Bill Degnan
Maybe he should put the bad RAM back in so we can continue to diagnose the problem  :-)
b

On Fri, Apr 5, 2019 at 12:18 PM Steve Gray <[hidden email]> wrote:
On FB the OP said he replaced some ram and the problem has been solved.

Steve


On Tuesday, April 2, 2019, 9:56:55 p.m. EDT, Steve Gray <[hidden email]> wrote:


Sounds like bit 3 is being dropped when stored as a variable. That would suggest that you have a bad ram at the top end of user memory space.

Steve


> On Apr 2, 2019, at 9:07 PM, David Laffineuse <[hidden email]> wrote:
>
> The keyboard seems to be working perfectly fine.
> For instance if I type on the key 'Y', the letter Y is displayed on the screen.  However if I set a variable to Y, e.g. a$="Y" then I print a$, I get a Q on the screen...
> The same occurs with I which produces an A, H which produces @, Z which produces R, X which produces P, 8 that produces 0, and 9 that produces 1.  All the other letters are fine.
> What is going on?
> David
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Re: Weird issue with the Pet 2001-N

David Laffineuse
Hi guys, i do confirm that a partial RAM replacement fixed the problem so thanks for all the troubleshooting help!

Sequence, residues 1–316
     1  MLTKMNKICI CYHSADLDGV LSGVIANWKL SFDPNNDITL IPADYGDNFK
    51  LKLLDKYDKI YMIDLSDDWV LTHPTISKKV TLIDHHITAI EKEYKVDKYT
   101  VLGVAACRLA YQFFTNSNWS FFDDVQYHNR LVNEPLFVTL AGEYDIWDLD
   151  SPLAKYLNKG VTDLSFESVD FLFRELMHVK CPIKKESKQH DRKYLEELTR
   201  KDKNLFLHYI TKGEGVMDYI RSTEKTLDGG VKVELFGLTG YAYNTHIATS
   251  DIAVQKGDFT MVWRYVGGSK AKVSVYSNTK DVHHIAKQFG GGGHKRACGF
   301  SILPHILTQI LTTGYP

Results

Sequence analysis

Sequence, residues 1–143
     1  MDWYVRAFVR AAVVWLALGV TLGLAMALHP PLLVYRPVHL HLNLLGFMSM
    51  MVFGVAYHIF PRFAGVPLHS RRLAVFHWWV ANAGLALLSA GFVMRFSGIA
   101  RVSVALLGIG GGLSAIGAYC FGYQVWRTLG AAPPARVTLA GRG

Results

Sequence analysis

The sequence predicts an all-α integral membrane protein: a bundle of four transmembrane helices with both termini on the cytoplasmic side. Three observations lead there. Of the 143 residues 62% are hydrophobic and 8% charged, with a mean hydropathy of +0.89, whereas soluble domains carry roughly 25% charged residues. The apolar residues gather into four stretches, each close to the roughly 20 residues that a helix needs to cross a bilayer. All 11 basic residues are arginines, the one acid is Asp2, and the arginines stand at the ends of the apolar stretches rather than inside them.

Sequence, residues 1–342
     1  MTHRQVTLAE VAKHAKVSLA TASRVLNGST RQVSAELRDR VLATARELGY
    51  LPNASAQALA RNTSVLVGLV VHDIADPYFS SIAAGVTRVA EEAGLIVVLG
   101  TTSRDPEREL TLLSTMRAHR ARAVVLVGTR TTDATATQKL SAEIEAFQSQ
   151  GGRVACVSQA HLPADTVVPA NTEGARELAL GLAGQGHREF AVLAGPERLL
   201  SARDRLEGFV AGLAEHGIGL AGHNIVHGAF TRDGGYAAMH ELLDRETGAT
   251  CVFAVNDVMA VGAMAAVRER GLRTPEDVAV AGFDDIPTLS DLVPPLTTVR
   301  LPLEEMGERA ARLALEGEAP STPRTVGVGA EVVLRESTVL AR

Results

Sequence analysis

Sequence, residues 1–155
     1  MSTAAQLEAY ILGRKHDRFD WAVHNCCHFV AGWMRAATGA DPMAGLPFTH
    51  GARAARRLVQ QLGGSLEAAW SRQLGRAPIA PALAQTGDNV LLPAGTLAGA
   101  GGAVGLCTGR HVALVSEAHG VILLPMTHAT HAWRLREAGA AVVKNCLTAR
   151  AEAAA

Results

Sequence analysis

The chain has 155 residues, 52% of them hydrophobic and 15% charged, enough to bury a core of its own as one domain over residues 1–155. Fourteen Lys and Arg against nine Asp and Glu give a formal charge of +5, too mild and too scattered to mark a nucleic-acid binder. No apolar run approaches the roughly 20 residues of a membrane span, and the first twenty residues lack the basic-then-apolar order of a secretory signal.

Sent from my iPhone

On Apr 5, 2019, at 12:27 PM, Bill Degnan <[hidden email]> wrote:

Maybe he should put the bad RAM back in so we can continue to diagnose the problem  :-)
b

On Fri, Apr 5, 2019 at 12:18 PM Steve Gray <[hidden email]> wrote:
On FB the OP said he replaced some ram and the problem has been solved.

Steve


On Tuesday, April 2, 2019, 9:56:55 p.m. EDT, Steve Gray <[hidden email]> wrote:


Sounds like bit 3 is being dropped when stored as a variable. That would suggest that you have a bad ram at the top end of user memory space.

Steve


> On Apr 2, 2019, at 9:07 PM, David Laffineuse <[hidden email]> wrote:
>
> The keyboard seems to be working perfectly fine.
> For instance if I type on the key 'Y', the letter Y is displayed on the screen.  However if I set a variable to Y, e.g. a$="Y" then I print a$, I get a Q on the screen...
> The same occurs with I which produces an A, H which produces @, Z which produces R, X which produces P, 8 that produces 0, and 9 that produces 1.  All the other letters are fine.